July 8, 1932: The Dow Jones Industrial Average [DJIA] reaches its lowest point during the Great Depression. The Dow bottomed out at 41.22. Charles Dow founded the stock market index on May 26, 1896. At that time, it represented the dollar average of 12 stocks from leading American industries. The components of the DJIA have changed 48 times during its 115 year history. Today, the Dow consists of 30 major American companies from 3M to Walt Disney.

Dow Jones Industrial Average from 1928 to 1954

The Great Depression was triggered by the crash of Wall Street in 1929. The market closed on October 28 at 260.64 with a drop of 12.82%. The following day, it closed at 230.07 for another fall of 11.73%. These numbers are nothing compared to the 1987 drop when on October 19 the market closed at 1,738.74 for a fall of 22.61 percent. On September 29, 2008, the market dropped by 777.68 points, which is the largest figure for a fall, but that number represented only 6.98% of the market’s value.

The Great Depression did not happen over a one day drop in the markets. There were many problems addressing the world at large and were not solely based in the US. However, the US Stock Exchange began seeing stock prices fall around September 9, 1929. By October 29, with two days of losses over 10% each day, the market was said to crash. The day is known as Black Tuesday. This is said to be a Bear Market or one that is a general decline over a period of time. It is the shift from a time of investor optimism to time of pessimism laced liberally with fear. A Bear Market shows a decline of value of more than 20% over at least a two-month period.

The Bear Market of the Great Depression erased 89% of the DJIA. The stock market index was around 386 at the beginning of the decline. And by this date, with a rating of only 41.22, much of the US and the world’s economies were in shambles. Not only did the markets crash, but personal income, tax revenue, profits and prices, and international trade all plunged as well. International trade dropped by more than 50% and unemployment in the US rose to 25%. Other countries had unemployment rates as high as 33%. Not only did industry suffer, but this was also the age of the great Dust Bowl and farming also was devastated. Crop prices fell as much as 60%. By the mid-1930s there was some hope of recovery but the world did not really put out of the Depression until the beginnings of World War II.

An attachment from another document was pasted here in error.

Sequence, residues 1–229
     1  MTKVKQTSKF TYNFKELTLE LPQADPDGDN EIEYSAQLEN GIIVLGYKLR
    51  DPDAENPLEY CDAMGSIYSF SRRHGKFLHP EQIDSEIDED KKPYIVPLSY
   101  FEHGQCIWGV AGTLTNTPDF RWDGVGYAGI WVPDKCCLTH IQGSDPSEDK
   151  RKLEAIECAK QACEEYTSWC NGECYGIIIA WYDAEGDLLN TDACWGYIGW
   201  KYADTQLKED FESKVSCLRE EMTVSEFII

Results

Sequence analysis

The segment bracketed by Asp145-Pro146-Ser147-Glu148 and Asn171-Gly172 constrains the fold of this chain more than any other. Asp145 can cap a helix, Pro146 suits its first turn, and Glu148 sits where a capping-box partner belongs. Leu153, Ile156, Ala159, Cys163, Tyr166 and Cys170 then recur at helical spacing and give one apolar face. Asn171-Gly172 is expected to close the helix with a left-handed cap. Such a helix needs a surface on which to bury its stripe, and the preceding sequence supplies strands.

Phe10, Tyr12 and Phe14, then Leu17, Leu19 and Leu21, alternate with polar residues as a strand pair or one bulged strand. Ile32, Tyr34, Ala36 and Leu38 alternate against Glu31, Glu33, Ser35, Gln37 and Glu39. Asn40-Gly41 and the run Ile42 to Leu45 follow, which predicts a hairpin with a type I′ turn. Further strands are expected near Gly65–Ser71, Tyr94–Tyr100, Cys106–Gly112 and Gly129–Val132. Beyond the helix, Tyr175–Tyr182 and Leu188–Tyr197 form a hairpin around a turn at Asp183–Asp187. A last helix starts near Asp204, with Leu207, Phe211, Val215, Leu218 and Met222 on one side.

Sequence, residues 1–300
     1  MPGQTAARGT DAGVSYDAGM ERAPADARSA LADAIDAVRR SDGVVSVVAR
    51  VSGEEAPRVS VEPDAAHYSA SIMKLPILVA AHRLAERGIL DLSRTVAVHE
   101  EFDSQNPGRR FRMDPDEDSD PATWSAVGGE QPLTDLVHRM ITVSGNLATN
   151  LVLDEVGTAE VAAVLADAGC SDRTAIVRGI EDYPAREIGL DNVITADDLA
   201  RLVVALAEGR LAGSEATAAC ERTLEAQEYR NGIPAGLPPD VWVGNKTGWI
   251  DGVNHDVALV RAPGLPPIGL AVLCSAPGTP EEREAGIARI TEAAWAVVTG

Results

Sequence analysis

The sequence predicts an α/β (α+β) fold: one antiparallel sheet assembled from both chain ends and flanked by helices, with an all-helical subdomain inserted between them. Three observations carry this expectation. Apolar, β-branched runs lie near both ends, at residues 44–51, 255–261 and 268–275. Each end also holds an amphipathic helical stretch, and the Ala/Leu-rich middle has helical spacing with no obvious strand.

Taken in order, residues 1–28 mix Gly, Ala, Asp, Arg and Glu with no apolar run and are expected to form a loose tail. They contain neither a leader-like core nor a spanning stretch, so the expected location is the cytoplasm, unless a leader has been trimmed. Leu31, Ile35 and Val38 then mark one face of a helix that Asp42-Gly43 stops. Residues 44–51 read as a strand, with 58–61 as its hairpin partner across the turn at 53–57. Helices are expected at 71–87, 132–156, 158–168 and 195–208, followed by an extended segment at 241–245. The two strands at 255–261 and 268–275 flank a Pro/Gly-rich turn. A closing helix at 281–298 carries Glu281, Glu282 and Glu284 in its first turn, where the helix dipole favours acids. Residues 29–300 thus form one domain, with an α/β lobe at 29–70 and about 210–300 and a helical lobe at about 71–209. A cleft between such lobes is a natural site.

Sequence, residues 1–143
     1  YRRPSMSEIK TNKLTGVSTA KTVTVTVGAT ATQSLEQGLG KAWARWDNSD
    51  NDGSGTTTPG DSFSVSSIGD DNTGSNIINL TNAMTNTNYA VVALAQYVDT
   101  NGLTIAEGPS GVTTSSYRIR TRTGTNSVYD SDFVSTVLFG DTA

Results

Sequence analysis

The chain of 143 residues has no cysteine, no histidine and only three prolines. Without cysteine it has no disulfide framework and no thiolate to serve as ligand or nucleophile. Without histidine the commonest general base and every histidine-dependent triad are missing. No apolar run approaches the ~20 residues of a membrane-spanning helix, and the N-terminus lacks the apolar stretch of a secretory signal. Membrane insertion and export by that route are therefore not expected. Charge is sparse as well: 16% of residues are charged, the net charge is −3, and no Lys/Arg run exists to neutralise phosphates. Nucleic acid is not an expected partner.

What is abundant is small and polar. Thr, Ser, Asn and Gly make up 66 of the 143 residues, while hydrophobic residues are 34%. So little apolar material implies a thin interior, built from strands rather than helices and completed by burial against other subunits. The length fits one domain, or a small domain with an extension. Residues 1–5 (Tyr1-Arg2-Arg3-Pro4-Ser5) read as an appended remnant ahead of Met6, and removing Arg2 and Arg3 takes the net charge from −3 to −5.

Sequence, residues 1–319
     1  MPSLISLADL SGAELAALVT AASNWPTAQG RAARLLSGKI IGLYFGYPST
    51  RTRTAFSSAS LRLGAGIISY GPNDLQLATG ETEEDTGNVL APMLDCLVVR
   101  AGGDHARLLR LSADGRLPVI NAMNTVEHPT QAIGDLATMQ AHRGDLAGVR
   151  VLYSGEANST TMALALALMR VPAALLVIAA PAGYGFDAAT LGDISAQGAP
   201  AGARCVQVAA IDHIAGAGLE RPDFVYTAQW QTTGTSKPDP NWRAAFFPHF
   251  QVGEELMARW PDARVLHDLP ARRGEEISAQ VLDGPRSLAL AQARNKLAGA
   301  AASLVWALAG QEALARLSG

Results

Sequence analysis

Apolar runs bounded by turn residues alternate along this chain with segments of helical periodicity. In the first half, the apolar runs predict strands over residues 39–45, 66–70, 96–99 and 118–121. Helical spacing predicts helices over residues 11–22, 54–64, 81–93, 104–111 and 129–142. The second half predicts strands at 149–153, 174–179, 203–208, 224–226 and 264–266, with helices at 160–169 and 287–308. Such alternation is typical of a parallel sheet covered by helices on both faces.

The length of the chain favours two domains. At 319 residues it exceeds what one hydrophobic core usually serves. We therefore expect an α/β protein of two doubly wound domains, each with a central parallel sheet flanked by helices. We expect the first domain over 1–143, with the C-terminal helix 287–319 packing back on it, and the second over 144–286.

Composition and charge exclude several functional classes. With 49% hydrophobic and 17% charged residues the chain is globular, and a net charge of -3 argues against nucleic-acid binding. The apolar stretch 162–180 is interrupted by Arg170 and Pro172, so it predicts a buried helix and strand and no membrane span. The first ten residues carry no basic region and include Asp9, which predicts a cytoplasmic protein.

“We will not have any more crashes in our time.” – John Maynard Keynes in 1927

“This crash is not going to have much effect on business.” – Arthur Reynolds, Chairman of Continental Illinois Bank of Chicago, October 24, 1929

“Some pretty intelligent people are now buying stocks… Unless we are to have a panic — which no one seriously believes, stocks have hit bottom.” – R. W. McNeal, financial analyst in October 1929

“The end of the decline of the Stock Market will probably not be long, only a few more days at most.” – Irving Fisher, Professor of Economics at Yale University, November 14, 1929

Also on this day:
The Wall Street Journal – In 1889, The Wall Street Journal begins publication.
Con Man – In 1898, Soapy Smith was gunned down.

The Wall Street Journal

Posted in History by patriciahysell on July 9, 2010

Wall Street Journal

July 8, 1889: The Wall Street Journal begins publication. Dow Jones & Company formed in 1882 and published a daily newssheet called the Customers’ Afternoon Letter hand delivered to subscribers by messengers. Charles Dow, a journalist; Edward Jones, a statistician; and Charles Bergstressor, another journalist, formed Dow Jones & Company which disseminated information about the stock market.

By 1884 the company created the Dow Jones Indexes which serve as benchmarks for investors. Circulation of the information via the newsletter grew and the company formed its own newspaper that was four pages and sold for two cents a copy. At the time of its launch, there were fifty employees.

Until November 2003, The WSJ was the largest circulation paper in the nation. Today, The Wall Street Journal outsells every paper in the US except for USA Today. The WSJ has American, European, and Asian editions and has a circulation of nearly 2.1 million as of 2009. In 2005, they also returned to a Saturday edition after a 30 year break. The financial giant has one rival in London’s Financial Times which also publishes international editions.

The WSJ has several distinct sections covering various aspects of the financial world and the political and economic factors that influence it. The Journal has won 33 Pulitzer Prizes beginning in 1947 with the latest won in  2007. The WSJ has maintained an online presence at. WSJ.com with nearly three-quarters of a million paid subscribers. The broadsheet is published by Les Hinton with Robert Thomson as editor. It is still owned by Dow Jones & Company which is itself own by News Corporation. Headquarters remain in New York City.

“Everything you read in the newspapers is absolutely true except for that rare story of which you happen to have firsthand knowledge.” – Erwin Knoll

“It is a newspaper’s duty to print the news and raise hell.” – Wilbur F. Storey

“Nothing but a newspaper can drop the same thought into a thousand minds at the same moment.” – Alexis de Tocqueville

“If you want to know what is really going on in the world, read the business section. The rest is just so much gossip.” – unknown

Also on this day, in 1898 Soapy Smith, crative con man, met his demise.